“[They] allowed themselves to be seduced by him and came to enjoy the experience….[They] followed him with joy and enthusiasm because he gave them license to pillage and murder to their hearts’ content. They were his servile accomplices, his willing victims….

“If he answered their suppressed desires, it was not because he shared them, but because he could make use of them. He despised the German people, for they were merely the instruments of his will.”

On November 8, millions of ignorant, hate-filled, Right-wing Americans elected Donald Trump—a man reflecting their own hate and ignorance—to the Presidency.

Yet, in some ways, Americans have fewer excuses for turning to a Fascistic style of government than the Germans did.

Adolf Hitler, joined the National Socialist German Workers (Nazi) Party in 1919—the year after World War 1 ended.

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Adolf Hitler

It took him 14 years to win appointment to Chancellor (the equivalent of Attorney General) of Germany in 1933.

In 1923, he staged a coup attempt in Bavaria—which was quickly and brutally put down by police. He was arrested and sentenced to less than a year in prison.

After that, Hitler decided that winning power through violence was no longer an option. He must win it through election—or appointment.

He repeatedly ran for the highest office in Germany—President—but never got a clear majority in a free election.

When the 1929 Depression struck Germany, the fortunes of Hitler’s Nazi party rose as the life savings of ordinary Germans fell. Streets echoed with bloody clashes between members of Hitler’s Nazi Stormtroopers and those of the German Communist Party.

Germany seemed on the verge of collapsing.

Germans desperately looked for a leader—a Fuhrer–who could somehow deliver them from the threat of financial ruin and Communist takeover.

In early 1933, members of his own cabinet persuaded aging German president, Paul von Hindenburg, that only Hitler’s appointment as Chancellor could do this.

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Paul von Hindenburg

Hindenburg was reluctant to do so. He considered Hitler a dangerous radical. But he allowed himself to be convinced that, by putting Hitler in the Cabinet, he could be “boxed in” and thus controlled.

So, on January 30, 1933, he appointed Adolf Hitler Chancellor of Germany.

On August 2, 1934, Hindenberg died, and Hitler immediately assumed the titles–and duties—of the offices of Chancellor and President. His rise to total power was now complete.

It had taken him 14 years to do so.

In 2015, Donald Trump declared his candidacy for President.

Now, consider this:

  • The country was technically at war in the Middle East–but the fate of the United States was not truly threatened, as it had been during the Civil War.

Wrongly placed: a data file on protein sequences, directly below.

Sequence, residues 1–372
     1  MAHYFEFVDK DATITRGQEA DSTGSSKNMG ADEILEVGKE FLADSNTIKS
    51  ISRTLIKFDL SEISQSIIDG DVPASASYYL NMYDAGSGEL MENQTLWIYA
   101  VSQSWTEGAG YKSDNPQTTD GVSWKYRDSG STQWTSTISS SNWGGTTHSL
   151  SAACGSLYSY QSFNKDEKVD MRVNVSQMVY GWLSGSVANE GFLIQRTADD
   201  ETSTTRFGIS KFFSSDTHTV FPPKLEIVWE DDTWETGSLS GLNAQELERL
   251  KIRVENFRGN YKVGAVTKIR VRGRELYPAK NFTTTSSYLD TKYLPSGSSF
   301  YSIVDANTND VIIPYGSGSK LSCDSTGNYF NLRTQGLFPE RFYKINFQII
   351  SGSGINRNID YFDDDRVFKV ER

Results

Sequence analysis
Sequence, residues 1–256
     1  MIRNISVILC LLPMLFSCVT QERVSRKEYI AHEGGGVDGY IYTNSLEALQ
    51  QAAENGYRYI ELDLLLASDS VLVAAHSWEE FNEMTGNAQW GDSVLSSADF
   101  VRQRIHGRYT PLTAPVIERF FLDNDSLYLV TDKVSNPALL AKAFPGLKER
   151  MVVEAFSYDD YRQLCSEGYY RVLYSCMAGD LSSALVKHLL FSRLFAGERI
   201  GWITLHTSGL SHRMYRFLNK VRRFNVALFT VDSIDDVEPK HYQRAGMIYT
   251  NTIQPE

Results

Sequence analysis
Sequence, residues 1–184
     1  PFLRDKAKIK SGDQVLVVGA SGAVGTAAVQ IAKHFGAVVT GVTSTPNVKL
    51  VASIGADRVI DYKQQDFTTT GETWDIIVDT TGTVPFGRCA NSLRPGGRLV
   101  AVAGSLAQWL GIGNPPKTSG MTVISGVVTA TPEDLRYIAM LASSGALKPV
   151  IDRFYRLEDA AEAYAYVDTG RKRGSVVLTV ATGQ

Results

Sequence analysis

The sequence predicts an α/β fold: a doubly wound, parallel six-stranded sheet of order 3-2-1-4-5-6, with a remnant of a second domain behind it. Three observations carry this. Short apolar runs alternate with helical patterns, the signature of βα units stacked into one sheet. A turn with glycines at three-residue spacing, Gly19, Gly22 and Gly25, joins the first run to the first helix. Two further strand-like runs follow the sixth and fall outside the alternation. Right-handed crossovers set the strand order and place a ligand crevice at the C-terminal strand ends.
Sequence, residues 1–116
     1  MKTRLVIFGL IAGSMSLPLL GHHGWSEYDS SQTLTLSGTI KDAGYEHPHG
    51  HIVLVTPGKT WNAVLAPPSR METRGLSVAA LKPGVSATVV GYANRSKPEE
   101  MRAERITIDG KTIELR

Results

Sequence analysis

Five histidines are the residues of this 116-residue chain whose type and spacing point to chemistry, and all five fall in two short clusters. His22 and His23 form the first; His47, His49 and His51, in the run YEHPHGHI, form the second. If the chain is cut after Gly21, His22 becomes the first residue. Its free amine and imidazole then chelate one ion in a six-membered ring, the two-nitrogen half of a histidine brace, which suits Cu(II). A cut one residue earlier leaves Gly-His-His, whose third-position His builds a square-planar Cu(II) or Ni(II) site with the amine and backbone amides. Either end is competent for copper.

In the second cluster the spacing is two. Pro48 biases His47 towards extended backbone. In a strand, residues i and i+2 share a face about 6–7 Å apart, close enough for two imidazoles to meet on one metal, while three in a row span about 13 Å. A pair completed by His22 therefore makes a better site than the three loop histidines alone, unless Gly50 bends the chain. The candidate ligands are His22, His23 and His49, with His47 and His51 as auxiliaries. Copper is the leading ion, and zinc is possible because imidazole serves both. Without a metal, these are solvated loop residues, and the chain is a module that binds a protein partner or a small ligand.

• There was no draft; if you didn’t know someone in the military, you didn’t care about the casualties taking place.
  • Nor were these conflicts—in Iraq and Afghanistan–imposing domestic shortages on Americans, as World War II had.
  • Thanks to government loans from President Barack Obama, American capitalism had been saved from its own excesses during the George W. Bush administration.
  • Employment was up. CEOs were doing extremely well.
  • In contrast to the corruption that had plagued the administration of Ronald Reagan, whom Republicans idolize, there had been no such scandals during the Obama Presidency.
  • Nor had there been any large-scale terrorist attacks on American soil—as there had on 9/11 under President George W. Bush.

Yet—not 17 months after announcing his candidacy for President–enough Americans fervently embraced Donald Trump to give him the most powerful position in the country and the world.

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Donald Trump

The message of Barack Obama’s 2008 campaign had been one of hope—“Yes, We Can!”

That of Donald Trump’s campaign was one of hatred toward everyone who was not an avid Trump supporter: “No, You Can’t!”

Whites comprised the overwhelming majority of the audiences at Trump rallies. Not all were racists, but many of those who were advertised it on T-shirts: “MAKE AMERICA WHITE AGAIN.”

They knew that demographics were steadily working against them. Birthrates among non-whites were rising. By 2045, whites would make up less than 50 percent of the American population.

The 2008 election of the first black President had shocked whites. His 2012 re-election had deprived them of the hope that 2008 had been an accident.

Then came 2016—and the possibility that a black President might actually be followed by a woman: Hillary Clinton.

And the idea of a woman dictating to men was strictly too much to bear.

Since Trump’s election, educators have reported a surge in bullying among students of all ages, from elementary- to high-school. Those doing the bullying are mostly whites, and the victims are mostly blacks, Muslims, Jews, Hispanics, Asians.

It even has a name: “The Trump Effect.”

And this is where matters stand more than two months before Trump takes the oath as President.

All of this should be remembered the next time an American blames Germans for their embrace of Adolf Hitler.

A KISSINGER-STYLE SOLUTION TO SAVE AMERICAN DEMOCRACY

In Bureaucracy, History, Law, Military, Politics, Social commentary on November 7, 2016 at 9:19 am

On September 4, 1970, Salvador Allende, a physician and politician, became the 30th President of Chile.

More importantly, he became the first Marxist to win leadership of a Latin American country in a free election.